Lockdown has provided time.
Time to work on projects that have been sitting on the back-burner for months and even years.
Time, for example, to get to grips with a set of images that I made of plant life in the snow from Canada's Yukon territory. A wild and beautiful landscape where I found myself concentrating on plant stems and trees in winter.
Walking in the landscape I started to see only black and white; snow and stems. Tree trunks and branches.
I was drawn to the graphic quality of the landscape. Some blades of grass so delicate that I wondered how they survived.
During this recent lockdown i finally found some time to work these images into a book. I initially thought of setting the images to words by Emily Dickinson in her poem 'It sifts from Leaden Seives'
I wrote to the Emily Dickinson foundation to request permission to use the words in a small run of an artist book. They granted permission, but at a fee that was prohibitive for such a small production.
So I sat myself down and started to write some words of my own.
I looked at the images and responded in words, thinking all the time of music and drawing as suggested by my title 'Winter Notes'.
notes from a manuscript
music for a winter song
a plaintive melody
under leaden skies
fragments of summer
slump into winter days
wave forms in slow motion
transmit old stories
from which new works will emerge
Once I had a collection of short 'poems' I struggled for weeks on the format for a book. Large or small? Hard or soft cover? Which images in what order?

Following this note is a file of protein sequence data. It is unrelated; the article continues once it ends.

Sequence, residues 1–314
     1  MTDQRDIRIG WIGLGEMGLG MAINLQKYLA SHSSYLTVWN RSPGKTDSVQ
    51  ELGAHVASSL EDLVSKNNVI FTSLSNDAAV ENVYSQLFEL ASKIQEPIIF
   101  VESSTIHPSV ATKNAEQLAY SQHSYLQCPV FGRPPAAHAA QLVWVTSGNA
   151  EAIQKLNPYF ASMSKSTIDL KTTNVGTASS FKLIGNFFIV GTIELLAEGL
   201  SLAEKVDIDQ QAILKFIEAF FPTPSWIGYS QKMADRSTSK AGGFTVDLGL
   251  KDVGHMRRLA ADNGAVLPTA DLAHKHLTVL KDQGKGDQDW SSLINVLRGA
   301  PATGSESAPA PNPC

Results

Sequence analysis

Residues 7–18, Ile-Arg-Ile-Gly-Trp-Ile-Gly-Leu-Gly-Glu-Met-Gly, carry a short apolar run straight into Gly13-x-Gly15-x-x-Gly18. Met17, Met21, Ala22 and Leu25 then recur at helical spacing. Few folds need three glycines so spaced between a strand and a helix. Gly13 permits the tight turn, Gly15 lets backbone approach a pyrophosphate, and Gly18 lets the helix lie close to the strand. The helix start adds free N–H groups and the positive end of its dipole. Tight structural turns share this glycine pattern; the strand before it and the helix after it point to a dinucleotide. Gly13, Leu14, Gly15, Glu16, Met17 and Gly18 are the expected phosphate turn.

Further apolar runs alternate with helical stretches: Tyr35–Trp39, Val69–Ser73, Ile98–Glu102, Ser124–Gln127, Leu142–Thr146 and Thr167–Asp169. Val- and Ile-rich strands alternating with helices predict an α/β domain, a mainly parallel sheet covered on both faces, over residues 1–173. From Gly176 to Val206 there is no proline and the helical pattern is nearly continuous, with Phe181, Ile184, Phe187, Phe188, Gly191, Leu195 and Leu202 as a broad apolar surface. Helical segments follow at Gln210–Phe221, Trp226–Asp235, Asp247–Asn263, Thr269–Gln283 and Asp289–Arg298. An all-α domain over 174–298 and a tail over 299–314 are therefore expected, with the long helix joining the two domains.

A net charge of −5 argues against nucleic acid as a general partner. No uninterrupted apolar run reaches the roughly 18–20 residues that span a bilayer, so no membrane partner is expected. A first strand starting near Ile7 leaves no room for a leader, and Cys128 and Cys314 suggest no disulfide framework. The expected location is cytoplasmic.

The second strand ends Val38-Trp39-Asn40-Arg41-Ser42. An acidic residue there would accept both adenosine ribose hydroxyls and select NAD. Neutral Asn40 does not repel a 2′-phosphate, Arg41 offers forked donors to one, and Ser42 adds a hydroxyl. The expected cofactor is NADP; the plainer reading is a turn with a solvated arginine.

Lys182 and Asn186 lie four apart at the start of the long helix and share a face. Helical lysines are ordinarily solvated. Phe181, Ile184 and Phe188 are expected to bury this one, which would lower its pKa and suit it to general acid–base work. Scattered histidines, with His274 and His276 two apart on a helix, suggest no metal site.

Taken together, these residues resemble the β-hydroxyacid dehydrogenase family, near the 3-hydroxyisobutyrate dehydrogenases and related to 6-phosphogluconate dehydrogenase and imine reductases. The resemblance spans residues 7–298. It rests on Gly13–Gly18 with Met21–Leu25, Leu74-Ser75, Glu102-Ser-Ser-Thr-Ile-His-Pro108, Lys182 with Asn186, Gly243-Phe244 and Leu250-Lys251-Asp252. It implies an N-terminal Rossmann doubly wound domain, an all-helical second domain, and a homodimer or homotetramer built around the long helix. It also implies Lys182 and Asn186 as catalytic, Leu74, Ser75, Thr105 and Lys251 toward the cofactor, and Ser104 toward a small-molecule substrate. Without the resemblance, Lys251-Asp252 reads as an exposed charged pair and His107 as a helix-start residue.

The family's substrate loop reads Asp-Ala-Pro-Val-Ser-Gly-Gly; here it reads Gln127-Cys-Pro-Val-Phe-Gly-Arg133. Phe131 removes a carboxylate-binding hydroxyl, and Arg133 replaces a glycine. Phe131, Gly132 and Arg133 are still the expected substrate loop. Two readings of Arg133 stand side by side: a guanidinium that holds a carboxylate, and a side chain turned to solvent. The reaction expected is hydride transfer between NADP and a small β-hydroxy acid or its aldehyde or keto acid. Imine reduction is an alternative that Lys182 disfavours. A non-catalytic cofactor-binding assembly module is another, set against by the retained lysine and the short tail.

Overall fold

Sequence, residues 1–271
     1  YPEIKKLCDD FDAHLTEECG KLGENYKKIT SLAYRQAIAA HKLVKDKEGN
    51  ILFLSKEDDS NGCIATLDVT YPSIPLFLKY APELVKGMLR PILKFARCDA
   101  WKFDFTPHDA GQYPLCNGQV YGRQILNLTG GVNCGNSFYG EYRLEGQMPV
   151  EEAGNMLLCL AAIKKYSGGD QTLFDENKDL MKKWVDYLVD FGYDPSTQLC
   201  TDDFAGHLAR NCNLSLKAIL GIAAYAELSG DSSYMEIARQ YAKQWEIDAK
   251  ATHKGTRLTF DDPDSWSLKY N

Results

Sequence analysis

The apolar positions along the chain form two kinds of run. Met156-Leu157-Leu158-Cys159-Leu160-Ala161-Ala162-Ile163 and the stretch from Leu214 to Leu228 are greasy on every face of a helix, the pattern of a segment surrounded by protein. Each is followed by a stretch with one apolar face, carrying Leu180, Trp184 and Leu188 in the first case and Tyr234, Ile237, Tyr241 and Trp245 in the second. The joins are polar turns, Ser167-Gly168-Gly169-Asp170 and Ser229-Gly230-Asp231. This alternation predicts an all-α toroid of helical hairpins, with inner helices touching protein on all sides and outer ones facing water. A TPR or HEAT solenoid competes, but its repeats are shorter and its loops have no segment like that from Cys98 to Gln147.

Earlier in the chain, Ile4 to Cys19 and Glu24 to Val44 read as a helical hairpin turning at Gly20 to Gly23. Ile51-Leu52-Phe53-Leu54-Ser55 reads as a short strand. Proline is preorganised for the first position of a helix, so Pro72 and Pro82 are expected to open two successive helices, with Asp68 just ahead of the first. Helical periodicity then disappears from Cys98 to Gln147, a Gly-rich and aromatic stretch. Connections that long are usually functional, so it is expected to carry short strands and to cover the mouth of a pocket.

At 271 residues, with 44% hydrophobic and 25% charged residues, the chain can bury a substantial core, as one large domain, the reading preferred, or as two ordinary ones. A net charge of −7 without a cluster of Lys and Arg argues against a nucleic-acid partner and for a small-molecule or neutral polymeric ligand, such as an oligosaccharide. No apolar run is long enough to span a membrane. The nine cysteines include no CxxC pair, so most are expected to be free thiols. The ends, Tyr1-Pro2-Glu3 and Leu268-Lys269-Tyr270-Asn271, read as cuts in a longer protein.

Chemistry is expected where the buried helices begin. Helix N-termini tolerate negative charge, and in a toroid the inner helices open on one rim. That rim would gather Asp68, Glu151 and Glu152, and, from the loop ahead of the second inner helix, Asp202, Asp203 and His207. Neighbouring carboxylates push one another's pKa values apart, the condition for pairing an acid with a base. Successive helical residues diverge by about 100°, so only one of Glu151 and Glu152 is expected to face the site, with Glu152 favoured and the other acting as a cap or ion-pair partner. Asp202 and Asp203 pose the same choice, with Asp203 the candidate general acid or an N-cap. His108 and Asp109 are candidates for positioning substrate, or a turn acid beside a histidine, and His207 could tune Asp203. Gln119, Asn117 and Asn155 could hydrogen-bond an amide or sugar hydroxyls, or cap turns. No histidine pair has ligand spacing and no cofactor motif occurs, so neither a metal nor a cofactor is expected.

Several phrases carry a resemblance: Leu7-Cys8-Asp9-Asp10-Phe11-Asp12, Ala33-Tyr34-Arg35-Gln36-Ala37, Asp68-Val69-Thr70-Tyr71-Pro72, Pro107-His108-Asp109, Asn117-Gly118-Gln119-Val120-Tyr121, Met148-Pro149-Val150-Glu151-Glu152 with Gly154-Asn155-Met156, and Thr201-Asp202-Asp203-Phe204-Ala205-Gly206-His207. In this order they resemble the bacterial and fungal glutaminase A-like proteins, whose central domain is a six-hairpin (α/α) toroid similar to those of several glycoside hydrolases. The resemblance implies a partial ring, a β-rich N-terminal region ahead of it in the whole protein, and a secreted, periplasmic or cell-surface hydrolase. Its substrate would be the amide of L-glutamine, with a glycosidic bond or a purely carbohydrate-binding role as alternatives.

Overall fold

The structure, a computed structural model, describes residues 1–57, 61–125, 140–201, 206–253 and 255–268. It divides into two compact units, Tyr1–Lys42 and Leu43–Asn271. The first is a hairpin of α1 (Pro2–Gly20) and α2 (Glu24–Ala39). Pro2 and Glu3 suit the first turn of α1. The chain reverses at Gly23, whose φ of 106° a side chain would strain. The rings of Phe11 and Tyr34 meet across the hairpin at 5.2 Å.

The choices are endless. Decision making not my strong point.
But then I did a workshop with Monica Dengo on working with words and images, and she taught me a simple structure containing three books that overlap each other, allowing the pages to be read in a myriad of ways.
This seemed perfect, for the words and images were interlinked, and each poem was no longer tied to just one image. Even better, the structure was more like a notebook, which fitted my title perfectly. I liked the informality of the structure, with its soft cover and simple binding.
The choice of cover colour relates to one of the poems
needles strewn randomly
in cold disarray
tell a bloodless tale
I was thinking of the colour of blood that a prick from a needle would normally invoke. The many pine needles were lying in a bloodless landscape.
I blind embossed the front cover using my newly acquired Adana press; a lockdown treat to myself. This gave me more pleasure than I care to admit to!
Now that Winter Notes is complete, I have other back burner projects to get on with; the next on my list is a book of sea wall stories from the coast at Camber Sands.
The final book, Winter Notes, can be seen in this video with more images and words.
Caroline Fraser - an ordinary life
on life, suburban living, art, creativity, photography, book art and travel.
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Welcome to Caroline Fraser Photography
Colourful abstracted and traditional photographic landscapes, book art and workshops. Capturing the moods and beauty of nature whether in wild open places or in small sanctuaries in suburbia.